Mom, you know all about dirt, dontcha? Today, we’re going to talk about the SCIENCE of dirt! Or rather, the science of soil, a vital resource to farmers and gardeners. I have a fun STEM recipe to make your own edible “soil” with your kids. Lucky for me, my kid is a fourth grader and is currently studying plants–so this recipe fit in nicely with his school work. Plus, it’s not every day you get to eat your science experiment!
FYI: this recipe is part of Monsanto’s Science Camp, a project to get kids excited about science and STEM. Watch the video below for a quick science lesson on soil and more info on the experiment.
Edible Dirt Recipe
You will need:
- A clear plastic cup or juice glass
- a zip top bag
- rolling pin or mortar and pestle
For your soil layers, you will need different kinds of snack foods to represent rocks and dirt.
- Sprinkles for Organic Matter and Microbes
- Gummy Worms for Decomposers
- Dark Cookies for Topsoil
- Light Cookies for Subsoil
- Chocolate Candies for Bedrock
You can use whatever ingredients you like. Mitch and I used honey and chocolate graham crackers for the subsoil and topsoil, Whoppers for the bedrock, mini M&M for the organic matter and sprinkles for the microbes. And of course, some gummy worms.
Start your experiment by filling the bottom of your cup with “bedrock.” In real life, bedrock in the dense, hard rock typically hidden by layers of dirt and sediment hundreds or thousands of feet thick. Not the bottom of the world like in Minecraft. If you need to brush up on your geology, and you have an older kid, check out Geology of Missouri from Washington University.
Missouri contains each of the three classes of rocks that forms the basement rock and bedrock: igneous, metamorphic, and sedimentary rocks. The most common igneous rocks in Missouri are rhyolite, granite, diabase, and volcanic tuff, each of which can be seen exposed in the St. Francois Mountains.
If you’ve taken the kids to Johnson Shut-Ins, you’ve played on exposed bedrock!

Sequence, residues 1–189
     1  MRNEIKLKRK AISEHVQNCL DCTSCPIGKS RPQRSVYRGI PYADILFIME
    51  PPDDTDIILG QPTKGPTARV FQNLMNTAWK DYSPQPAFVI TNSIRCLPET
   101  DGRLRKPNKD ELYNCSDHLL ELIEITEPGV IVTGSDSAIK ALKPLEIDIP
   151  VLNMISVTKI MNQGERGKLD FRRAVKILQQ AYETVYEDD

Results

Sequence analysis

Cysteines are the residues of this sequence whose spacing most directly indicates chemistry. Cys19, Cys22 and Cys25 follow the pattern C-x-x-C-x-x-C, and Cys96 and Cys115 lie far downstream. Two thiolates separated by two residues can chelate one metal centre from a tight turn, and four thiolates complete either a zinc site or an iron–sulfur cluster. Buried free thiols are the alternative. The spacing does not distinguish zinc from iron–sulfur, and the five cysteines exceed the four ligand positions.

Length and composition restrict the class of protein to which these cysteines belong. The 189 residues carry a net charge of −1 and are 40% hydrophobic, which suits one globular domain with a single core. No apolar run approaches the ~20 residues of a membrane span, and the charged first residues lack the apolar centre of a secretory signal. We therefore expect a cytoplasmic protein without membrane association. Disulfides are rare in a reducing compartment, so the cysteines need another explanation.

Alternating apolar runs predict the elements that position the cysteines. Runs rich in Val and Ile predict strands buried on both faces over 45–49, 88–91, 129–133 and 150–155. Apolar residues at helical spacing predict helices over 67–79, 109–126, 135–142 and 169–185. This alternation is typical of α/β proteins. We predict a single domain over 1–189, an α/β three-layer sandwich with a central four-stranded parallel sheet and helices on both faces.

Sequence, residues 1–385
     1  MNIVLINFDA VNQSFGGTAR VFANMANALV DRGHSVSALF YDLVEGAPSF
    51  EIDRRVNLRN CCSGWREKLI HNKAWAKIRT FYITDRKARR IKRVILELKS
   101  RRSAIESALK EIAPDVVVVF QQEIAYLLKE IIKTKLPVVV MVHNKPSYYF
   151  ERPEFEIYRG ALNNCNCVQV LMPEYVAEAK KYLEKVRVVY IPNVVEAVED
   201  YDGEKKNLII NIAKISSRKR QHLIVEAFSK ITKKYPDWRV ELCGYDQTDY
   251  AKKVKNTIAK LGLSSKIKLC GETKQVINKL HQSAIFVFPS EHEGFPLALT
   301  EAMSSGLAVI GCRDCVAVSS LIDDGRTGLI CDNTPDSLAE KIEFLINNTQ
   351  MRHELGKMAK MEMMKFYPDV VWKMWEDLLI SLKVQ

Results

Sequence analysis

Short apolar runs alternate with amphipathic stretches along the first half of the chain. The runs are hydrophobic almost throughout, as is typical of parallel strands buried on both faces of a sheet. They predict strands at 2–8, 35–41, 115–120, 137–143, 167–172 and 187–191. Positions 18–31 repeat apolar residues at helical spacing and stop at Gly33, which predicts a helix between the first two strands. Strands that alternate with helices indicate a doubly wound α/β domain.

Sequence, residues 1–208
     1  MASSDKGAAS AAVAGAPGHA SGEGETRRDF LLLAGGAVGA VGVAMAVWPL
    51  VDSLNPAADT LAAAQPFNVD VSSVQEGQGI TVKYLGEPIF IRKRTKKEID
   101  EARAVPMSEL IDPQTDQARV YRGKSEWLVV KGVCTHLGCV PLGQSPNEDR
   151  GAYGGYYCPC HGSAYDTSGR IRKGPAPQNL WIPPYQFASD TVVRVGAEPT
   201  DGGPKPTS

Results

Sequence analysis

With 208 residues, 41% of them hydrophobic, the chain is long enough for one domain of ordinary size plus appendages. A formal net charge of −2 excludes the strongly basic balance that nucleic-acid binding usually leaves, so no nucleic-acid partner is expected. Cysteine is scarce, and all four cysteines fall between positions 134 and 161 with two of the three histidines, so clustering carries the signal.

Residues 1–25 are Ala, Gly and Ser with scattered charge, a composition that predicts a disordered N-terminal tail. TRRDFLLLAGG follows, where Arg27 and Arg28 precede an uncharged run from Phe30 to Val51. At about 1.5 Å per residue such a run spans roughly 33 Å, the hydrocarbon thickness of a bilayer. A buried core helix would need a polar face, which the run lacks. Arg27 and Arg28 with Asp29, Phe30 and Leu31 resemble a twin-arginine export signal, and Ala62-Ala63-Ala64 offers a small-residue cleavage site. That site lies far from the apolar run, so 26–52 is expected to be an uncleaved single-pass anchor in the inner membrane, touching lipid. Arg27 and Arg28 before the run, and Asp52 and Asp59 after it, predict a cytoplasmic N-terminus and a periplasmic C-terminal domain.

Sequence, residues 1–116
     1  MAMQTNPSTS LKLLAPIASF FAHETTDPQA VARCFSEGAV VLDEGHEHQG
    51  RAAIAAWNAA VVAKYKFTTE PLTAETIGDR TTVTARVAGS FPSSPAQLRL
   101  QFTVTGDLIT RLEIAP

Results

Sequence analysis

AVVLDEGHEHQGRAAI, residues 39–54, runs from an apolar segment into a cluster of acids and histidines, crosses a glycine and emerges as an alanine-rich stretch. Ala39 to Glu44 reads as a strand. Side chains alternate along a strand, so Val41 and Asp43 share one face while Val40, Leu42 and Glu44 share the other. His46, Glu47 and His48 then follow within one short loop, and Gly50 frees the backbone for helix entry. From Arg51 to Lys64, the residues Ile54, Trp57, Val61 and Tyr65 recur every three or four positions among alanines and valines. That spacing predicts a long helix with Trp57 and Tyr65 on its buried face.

Anyway, I used Whoppers for my bedrock, and Mitch went for giant chunks of chocolate graham crackers. You just need to cover the bottom of your cup with your bedrock.
Subsoil is the huge layer of dirt and rock that sits on top of the bedrock. Plants with deep roots can reach here, like soybeans and sunflowers. We’re going to represent subsoil with light colored cookies that are roughly crushed. Just crumble them with your hand, leaving nice big chunks. Mitch, rebel that he is, used the M&Ms for his subsoil. I think he just wanted to eat a lot of them…
Topsoil is the most important layer of dirt, and also the thinnest–only a couple inches deep. This is the rich layer of soil where all the nutrients, minerals and organic matter are, and where you plant seeds. The grass in your yard is planted on topsoil. We’ll represent this with dark cookies, finely crushed. I used chocolate graham crackers, and Mitch used the honey graham crackers.
To get your topsoil just right, put it in a plastic bag and crush it into a powder with a rolling pin. You can also use a mortar and pestle if you have one.
Now the worms!
Topsoil is home to all the little worms and bugs and grubs that break down organic matter in the soil. They pretty much make the topsoil, so let’s give them a big thank you! We’re going to use gummy worms to represent…well, worms.
And a pinch of Organic Matter
Organic matter is the leaves and decomposing critters that dissolve into the soil. It’s not pretty, but the worms eat it up and plants love it. We’re going to represent this with mini M&Ms.
Don’t for the microbes! This is the beneficial bacteria you’ll find in topsoil that plants need so much. Use sprinkles to represent your microbes.
Once you’re done creating your soil layers–get a shovel, er, spoon, and dig in! This is the one time it’s ok to eat dirt!
Oh, and in case you’re curious…Mitch decided his dirt sample need plants. So he fashioned “trees” from sticks of graham crackers and marshmallows.